On July 20, 1940, Major Maitland and his wife Kathleen "Kay" Maitland were sent to the Philippine Department for a two-year tour of duty in command of the 28th Bombardment Squadron. By seniority he was also made base commander of Clark Field, where the 28th BS was stationed. On March 13, 1941, he was promoted to lieutenant colonel and command of the 28th BS passed to a more junior officer, but Maitland remained base commander at Clark.[17] Shortly after, the Army extended the tours of all Air Corps personnel in the Philippine Department by an additional year, fearing aggressive Japanese moves against the Philippines, and ordered their dependents to return to the United States. This created a serious morale problem that Maitland combatted at Clark, at the suggestion of a subordinate, by issuing an order in May 1941 that all base personnel (including himself) had to grow beards. He modified the order in mid-August, making beards optional, but he and many others maintained their facial hair.(Link to photograph).[18]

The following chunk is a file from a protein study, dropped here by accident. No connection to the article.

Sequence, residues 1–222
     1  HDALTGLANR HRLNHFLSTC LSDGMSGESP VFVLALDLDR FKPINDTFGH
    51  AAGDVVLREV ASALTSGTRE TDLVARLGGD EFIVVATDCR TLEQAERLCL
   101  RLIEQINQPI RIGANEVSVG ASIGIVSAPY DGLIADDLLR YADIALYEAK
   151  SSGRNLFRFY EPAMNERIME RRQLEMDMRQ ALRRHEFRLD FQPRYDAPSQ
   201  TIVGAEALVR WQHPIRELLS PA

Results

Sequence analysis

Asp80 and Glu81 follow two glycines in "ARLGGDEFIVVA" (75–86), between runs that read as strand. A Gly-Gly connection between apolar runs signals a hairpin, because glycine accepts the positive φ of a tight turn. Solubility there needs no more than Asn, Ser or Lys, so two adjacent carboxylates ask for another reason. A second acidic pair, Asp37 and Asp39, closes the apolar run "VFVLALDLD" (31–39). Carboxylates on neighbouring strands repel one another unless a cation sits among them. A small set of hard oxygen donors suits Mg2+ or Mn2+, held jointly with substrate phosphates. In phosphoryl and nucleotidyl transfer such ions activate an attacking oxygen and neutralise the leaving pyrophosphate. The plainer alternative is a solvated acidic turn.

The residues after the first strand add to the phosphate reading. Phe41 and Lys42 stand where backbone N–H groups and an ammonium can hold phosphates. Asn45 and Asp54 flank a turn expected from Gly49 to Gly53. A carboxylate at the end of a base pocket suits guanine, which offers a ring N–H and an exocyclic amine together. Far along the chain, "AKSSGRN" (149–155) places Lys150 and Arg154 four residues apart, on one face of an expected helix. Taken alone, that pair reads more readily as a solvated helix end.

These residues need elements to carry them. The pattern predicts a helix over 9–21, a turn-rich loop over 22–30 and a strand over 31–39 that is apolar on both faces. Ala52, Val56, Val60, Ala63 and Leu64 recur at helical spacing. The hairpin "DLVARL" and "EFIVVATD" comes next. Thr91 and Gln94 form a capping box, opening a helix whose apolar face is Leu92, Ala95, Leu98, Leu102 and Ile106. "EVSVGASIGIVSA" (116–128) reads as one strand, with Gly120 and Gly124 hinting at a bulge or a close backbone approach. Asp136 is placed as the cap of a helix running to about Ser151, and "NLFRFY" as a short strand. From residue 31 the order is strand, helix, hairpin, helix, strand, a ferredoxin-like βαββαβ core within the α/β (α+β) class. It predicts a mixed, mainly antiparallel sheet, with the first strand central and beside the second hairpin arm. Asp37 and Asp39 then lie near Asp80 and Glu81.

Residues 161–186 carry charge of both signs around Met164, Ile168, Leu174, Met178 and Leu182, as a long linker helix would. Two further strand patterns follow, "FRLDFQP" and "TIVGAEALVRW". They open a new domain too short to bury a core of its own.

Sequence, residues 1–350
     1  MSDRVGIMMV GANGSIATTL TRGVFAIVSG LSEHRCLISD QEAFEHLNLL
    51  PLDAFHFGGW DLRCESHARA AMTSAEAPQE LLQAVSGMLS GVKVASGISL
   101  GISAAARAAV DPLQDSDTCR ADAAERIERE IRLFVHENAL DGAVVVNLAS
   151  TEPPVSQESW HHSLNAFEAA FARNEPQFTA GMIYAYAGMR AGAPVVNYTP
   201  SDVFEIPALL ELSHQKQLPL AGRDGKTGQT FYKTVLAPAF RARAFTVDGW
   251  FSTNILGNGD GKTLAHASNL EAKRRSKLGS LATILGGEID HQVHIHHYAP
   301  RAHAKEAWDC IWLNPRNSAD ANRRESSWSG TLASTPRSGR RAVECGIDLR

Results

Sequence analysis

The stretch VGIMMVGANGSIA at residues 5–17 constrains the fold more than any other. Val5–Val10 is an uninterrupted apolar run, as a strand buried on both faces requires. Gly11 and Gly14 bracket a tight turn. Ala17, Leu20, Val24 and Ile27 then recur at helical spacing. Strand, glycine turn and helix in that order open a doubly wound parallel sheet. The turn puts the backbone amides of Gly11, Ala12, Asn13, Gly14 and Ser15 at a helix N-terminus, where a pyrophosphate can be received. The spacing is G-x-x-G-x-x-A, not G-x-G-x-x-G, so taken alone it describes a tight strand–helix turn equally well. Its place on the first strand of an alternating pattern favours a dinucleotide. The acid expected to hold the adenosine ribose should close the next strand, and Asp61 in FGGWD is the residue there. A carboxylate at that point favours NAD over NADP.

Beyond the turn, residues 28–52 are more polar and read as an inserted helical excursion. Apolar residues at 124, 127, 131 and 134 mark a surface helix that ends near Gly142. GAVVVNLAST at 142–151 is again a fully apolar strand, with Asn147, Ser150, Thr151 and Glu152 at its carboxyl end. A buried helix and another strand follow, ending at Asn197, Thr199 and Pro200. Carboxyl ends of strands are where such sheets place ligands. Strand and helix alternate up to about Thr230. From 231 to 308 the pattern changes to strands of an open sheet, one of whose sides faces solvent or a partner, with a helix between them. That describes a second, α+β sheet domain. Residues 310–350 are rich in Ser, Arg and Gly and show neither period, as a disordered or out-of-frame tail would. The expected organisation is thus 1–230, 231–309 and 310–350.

World War II

Maitland was on the headquarters staff of the newly created Far East Air Force when the United States entered World War II. On November 3, 1941, the 19th Bomb Group completed its reinforcement movement to the Philippines and its commander, Lt. Col. Eugene Eubank, was senior to Maitland at Clark Field. When the FEAF was activated on November 16, Maitland was named as executive officer of the Far East Air Service Command.[19] The FEAF was surprised and largely destroyed by Japanese air attack on December 8, 1941, and Gen. Douglas MacArthur ordered its headquarters withdrawn to Australia on December 24. Maitland joined a small group of staff officers flown out from Nielson Field on Christmas Day by Captain Paul I. "Pappy" Gunn in a former Philippine Air Lines Beech 18.[20]

B-26 Marauder of the 386th Bomb Group, 1943